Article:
Erick Barrondo Becomes Guatemala’s First Olympic Medalist
August 6, 2012 By Staff
Top Story — Erick Barrondo on Saturday became Guatemala’s first-ever Olympic medalist by winning a silver medal in the 20-km race walk in London. Barrondo finished 11 seconds behind the first-place finisher from China, Chen Ding, while China’s Wang Zhen won the bronze. Barrondo, whose parents are middle-distance runners, was congratulated by phone by Guatemalan President Otto Pérez Molina shortly after his finish. In a speech after his Olympic triumph, Barrondo said “It was a glorious day for me, but the glory is most of all for my country.” Barrondo also took the opportunity to speak out against rising violence in Guatemala by urging “kids at home to put down guns and knives and pick up a pair of trainers instead”. Guatemala began participating in the Olympic Games in 1952 and before Barrondo’s race on Saturday, the country had never earned a medal.
Headlines from the Western Hemisphere
- The Mexican army said Friday that it has detained a suspect in the killing of 49 migrants whose bodies were found dumped on a highway in Nuevo Leon state last May.
- Five men were shot to death by gunmen in the city of Escobedo in Nuevo Leon state on Sunday.
- In the last decade, private prisons have gone from housing 10 percent of beds in immigrant detention facilities to 50 percent.
- Spain’s Direccion General de Trafico (DGT) was in the process of revoking the driver’s license of Spaniard Angel Carromero, who was driving in the accident that killed Cuban dissident Oswaldo Payá.
- Jamaican sprinter Usain Bolt regained his title as the fastest man in the world after beating out countryman Yohan Blake in the 100-yard dash at the London Olympics.
- Honduran radio journalist Jose Chinchilla sought refuge in the U.S. Embassy after he said that he and his family have been threatened and shot at outside their home.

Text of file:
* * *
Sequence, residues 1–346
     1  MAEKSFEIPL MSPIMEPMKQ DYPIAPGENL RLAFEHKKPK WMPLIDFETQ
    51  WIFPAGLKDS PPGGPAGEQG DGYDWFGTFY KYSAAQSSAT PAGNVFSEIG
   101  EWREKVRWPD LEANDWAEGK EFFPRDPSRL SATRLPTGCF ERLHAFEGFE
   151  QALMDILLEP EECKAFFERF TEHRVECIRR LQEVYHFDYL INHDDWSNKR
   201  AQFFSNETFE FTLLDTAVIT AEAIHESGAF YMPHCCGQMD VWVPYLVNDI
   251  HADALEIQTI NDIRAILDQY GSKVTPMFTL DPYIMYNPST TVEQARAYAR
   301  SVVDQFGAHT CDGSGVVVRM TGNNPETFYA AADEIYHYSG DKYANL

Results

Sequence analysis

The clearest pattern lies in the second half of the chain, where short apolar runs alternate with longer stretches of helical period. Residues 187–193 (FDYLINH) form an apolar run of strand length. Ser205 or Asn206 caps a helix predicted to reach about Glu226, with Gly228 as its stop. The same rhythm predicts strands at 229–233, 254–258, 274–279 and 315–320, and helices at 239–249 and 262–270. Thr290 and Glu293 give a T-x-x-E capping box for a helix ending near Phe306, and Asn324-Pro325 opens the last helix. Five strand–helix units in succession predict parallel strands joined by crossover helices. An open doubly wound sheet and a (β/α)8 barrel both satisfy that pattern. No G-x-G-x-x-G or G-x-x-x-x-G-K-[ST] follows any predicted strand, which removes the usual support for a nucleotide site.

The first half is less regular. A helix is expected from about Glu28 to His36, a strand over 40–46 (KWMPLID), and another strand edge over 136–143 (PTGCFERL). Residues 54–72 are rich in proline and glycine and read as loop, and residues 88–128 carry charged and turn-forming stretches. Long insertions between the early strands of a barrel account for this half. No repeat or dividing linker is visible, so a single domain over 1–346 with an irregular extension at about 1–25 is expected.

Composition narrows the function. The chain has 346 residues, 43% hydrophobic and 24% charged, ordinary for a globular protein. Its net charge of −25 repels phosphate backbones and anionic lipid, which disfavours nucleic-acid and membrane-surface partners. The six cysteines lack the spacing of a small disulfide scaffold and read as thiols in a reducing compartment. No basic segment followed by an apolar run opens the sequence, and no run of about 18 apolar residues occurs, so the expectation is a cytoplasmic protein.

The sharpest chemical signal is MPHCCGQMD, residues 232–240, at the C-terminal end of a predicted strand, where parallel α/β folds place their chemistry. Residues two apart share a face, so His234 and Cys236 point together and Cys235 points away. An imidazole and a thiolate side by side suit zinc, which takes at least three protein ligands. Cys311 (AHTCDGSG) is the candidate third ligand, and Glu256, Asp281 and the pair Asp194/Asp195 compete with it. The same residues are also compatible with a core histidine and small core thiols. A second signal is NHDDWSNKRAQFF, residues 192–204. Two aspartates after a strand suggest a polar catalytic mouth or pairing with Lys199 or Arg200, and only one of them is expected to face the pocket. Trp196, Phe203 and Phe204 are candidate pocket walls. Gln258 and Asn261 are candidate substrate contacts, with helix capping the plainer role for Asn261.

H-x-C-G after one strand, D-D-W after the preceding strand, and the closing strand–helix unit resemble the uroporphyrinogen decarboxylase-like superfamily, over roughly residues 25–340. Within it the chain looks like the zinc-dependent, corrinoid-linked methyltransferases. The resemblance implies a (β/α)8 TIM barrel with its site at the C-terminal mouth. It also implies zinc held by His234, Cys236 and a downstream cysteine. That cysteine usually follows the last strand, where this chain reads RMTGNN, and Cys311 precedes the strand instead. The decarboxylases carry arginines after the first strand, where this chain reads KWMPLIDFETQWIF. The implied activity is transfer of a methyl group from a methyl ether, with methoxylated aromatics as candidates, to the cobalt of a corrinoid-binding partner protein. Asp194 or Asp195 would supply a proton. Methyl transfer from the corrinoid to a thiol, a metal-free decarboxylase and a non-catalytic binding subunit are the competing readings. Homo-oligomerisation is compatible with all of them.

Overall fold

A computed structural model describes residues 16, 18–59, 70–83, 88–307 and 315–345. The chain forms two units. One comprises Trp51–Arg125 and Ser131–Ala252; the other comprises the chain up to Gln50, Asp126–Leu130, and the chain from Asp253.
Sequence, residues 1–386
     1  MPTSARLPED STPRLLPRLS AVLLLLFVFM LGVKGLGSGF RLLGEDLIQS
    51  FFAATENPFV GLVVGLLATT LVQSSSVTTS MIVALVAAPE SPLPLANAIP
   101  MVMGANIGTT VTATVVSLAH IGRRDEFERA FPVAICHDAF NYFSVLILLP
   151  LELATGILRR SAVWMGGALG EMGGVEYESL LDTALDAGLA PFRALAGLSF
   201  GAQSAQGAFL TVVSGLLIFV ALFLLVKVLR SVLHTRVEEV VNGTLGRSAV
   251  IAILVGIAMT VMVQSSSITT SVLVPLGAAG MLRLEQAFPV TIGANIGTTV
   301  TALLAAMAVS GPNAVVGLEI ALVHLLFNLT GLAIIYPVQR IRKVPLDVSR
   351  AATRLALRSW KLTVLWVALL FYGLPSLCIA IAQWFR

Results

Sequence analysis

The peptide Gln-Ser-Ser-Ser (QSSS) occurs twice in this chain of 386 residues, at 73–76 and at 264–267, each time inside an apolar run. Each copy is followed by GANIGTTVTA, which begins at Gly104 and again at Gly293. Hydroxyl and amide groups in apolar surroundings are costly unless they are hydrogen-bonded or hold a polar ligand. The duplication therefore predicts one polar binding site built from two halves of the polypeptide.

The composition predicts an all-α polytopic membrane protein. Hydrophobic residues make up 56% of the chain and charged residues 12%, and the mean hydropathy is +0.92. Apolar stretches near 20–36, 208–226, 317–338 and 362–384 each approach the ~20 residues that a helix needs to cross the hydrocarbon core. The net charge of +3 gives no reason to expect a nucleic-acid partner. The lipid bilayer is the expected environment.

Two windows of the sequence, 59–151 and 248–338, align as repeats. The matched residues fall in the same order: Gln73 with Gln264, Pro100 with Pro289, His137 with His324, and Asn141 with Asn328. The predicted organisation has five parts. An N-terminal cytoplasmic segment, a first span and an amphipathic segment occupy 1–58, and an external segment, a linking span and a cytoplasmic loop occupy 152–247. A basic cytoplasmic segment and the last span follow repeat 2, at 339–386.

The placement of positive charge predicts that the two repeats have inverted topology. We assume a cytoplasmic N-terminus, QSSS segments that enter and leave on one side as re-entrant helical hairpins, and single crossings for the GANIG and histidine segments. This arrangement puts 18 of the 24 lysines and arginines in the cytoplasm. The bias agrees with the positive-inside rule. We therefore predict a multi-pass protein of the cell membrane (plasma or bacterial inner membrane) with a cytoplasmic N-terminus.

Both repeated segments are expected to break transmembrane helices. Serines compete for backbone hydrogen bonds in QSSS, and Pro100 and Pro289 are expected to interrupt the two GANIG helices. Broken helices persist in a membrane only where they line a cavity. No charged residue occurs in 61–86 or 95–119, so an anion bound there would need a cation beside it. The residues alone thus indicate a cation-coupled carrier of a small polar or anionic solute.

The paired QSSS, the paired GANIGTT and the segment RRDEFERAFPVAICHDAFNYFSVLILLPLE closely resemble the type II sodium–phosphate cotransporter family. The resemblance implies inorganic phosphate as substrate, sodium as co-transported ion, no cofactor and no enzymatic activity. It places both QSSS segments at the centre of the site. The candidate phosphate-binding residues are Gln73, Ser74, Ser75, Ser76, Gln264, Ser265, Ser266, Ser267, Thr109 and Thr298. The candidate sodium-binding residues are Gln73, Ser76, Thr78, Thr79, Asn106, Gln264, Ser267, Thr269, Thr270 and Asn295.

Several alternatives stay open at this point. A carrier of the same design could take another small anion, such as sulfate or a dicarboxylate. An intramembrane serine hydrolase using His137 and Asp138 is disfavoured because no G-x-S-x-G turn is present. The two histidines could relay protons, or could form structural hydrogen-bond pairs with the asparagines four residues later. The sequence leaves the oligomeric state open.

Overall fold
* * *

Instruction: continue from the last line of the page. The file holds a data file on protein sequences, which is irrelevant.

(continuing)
- A federal court in Vermont will begin the trial of Rev. Kenneth Miller, who allegedly helped Lisa Miller smuggle her daughter Isabella to Nicaragua after Miller separated from the child’s other mother.
- Attackers wounded a Colombian radio presenter at a community radio station in Arauca province by throwing a grenade at the station last Friday.
- An Ecuadorean court says that oil giant Chevron has until Monday to pay $19 billion in damages to Ecuadorean plaintiffs who claim that Texaco, since bought by Chevron, polluted their lands.
- A man from Potosí, Bolivia, was killed in a shootout between vehicle smugglers and police.
- Opponents of Venezuelan President Hugo Chávez say that a requirement that voters scan their thumbprints at the polls could intimidate would-be voters.
- As Brazil’s recently-formed truth commission investigates human rights abuses from the country’s 1964-1985 military dictatorship, more details are emerging about the detention and torture of Brazilian President Dilma Rousseff.
- Chile commemorated on Sunday the second anniversary of the mine collapse that trapped 33 miners who were miraculously rescued 69 days later.
- Colombian singer Juanes said he supported the Uruguayan government’s proposal to regulate and sell marijuana to registered Uruguayan consumers.
Image: olaf141 @ Flickr.